I hate Vogons
Premium,MVM
join:2002-06-25
Burlington, ON
kudos:10
reply to crussty

Before you do anything upgrade to latest firmware »ftp://ftp.zyxel.com/ZyWALL_USG_50/firmware/



Anav
Sarcastic Llama? Naw, Just Acerbic
Premium
join:2001-07-16
Dartmouth, NS
kudos:4
reply to crussty

You should become familiar with saving your configurations in the maintenance section. Keep a copy on your desktop (its a basic text file) but that file will save your bacon. é
Also recomend setting up your primarly LAN and connections from a secondary Lan and hooking up the net once the primary LAN is working (from all connected computers, ie giving out IP addresses).
That way your not trying to troubleshoot with many variables simultaneously
--
Ain't nuthin but the blues! "Albert Collins".
Leave your troubles at the door! "Pepe Peregil" De Sevilla. Just Don't Wifi without WPA, "Yul Brenner"

LlamaWorks Equipment


crussty

join:2013-03-25
Huntington Beach, CA
reply to crussty

After spending time in the manual and user guides, a few quick questions that I am unclear on:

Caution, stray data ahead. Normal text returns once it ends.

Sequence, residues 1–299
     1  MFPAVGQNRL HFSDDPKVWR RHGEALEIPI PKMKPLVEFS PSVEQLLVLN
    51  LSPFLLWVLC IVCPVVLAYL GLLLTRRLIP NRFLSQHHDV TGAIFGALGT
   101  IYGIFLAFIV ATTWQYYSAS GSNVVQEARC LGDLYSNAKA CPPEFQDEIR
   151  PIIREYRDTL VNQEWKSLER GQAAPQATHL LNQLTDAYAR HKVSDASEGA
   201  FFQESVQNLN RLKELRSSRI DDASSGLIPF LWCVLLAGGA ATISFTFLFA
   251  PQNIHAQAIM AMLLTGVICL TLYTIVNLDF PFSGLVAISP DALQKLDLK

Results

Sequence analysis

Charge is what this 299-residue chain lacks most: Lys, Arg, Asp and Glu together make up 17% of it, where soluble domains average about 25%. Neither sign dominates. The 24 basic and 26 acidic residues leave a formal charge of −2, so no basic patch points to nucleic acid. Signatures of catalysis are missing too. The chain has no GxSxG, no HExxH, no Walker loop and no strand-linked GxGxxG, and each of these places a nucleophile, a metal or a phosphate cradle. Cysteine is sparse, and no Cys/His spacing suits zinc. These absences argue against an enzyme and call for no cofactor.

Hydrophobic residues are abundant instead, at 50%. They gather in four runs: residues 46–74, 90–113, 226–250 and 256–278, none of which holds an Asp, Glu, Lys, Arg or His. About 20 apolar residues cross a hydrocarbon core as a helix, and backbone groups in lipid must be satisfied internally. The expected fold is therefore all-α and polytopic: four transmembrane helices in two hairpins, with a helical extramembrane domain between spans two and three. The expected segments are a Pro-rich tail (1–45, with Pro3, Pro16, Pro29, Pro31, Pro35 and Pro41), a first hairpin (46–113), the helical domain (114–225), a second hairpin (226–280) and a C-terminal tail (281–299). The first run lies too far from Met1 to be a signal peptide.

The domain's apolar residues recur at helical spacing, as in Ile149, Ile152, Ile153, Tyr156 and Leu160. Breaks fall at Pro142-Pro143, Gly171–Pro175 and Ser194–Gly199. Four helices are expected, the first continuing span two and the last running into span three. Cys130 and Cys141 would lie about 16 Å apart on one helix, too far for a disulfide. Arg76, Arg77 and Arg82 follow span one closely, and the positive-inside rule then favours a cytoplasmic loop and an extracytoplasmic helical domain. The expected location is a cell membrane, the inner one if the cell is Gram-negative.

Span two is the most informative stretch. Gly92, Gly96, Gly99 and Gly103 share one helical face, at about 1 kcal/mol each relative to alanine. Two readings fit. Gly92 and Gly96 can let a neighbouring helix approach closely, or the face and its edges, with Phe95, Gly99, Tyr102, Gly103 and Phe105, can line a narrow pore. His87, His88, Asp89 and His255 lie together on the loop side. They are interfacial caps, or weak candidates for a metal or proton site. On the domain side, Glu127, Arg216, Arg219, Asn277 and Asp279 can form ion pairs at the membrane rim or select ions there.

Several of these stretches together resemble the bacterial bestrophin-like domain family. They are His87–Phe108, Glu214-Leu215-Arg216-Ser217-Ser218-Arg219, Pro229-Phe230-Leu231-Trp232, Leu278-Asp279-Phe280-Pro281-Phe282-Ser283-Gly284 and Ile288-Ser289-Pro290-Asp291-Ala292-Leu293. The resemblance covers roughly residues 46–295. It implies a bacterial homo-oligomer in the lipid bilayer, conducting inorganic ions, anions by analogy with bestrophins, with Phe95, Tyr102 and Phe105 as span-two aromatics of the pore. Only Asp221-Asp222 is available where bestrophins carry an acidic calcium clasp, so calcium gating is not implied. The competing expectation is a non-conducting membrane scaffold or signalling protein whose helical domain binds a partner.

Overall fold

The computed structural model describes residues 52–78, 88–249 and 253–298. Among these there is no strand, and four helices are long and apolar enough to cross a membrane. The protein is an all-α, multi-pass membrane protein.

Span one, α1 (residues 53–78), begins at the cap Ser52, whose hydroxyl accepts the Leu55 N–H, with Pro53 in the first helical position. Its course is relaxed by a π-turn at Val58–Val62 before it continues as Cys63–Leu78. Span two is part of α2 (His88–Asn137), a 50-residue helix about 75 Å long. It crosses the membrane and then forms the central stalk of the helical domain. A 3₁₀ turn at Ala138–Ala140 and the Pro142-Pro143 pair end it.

1. what is the difference between a virtual server and a 1:1NAT?
2. when would you use one vs the other?
3. how do policy routes play into this?

Thanks in advance!



Brano
I hate Vogons
Premium,MVM
join:2002-06-25
Burlington, ON
kudos:10

Check the built-in help! That's IMO best information resource on specific configuration items and has some general plus examples too.



Anav
Sarcastic Llama? Naw, Just Acerbic
Premium
join:2001-07-16
Dartmouth, NS
kudos:4
reply to crussty

Virtual Server is basically known as port forwarding. Typically used when you have servers but only one IP for the router. You would also need FW rules in conjuction.
1:1 NAT is used when assigning IPs (assuming your ISP has given you a block of them) to specific servers on your LANS. For these one would also apply FW rules.

Policy routes for the router are pretty much handled automatically now behind the scenes. They are designed to ensure you tell the router how to get traffic on your lans out to the net. They are only invoked once you stray from normal setups. In the case of 1:1 NAT I believe the router also automatically applies policy routes.

I have policy routes in my situation, for the following
a. dual wan so the policy route tells the router where to send lans output if the primary connection fails
b. routes to tell router that when users access email they are routed to the secondary WAN
c. any users assigned an L2TP Ip pool address --- upon entering the router from the outside, need their traffic to be sent out back to the L2TP tunnel when appropriate.
--
Ain't nuthin but the blues! "Albert Collins".
Leave your troubles at the door! "Pepe Peregil" De Sevilla. Just Don't Wifi without WPA, "Yul Brenner"

LlamaWorks Equipment


u475700
Premium
join:2004-02-16
reply to crussty

You might find the tips compiled by Brano in this topic to be helpful:
»Secure your USG - quick how-to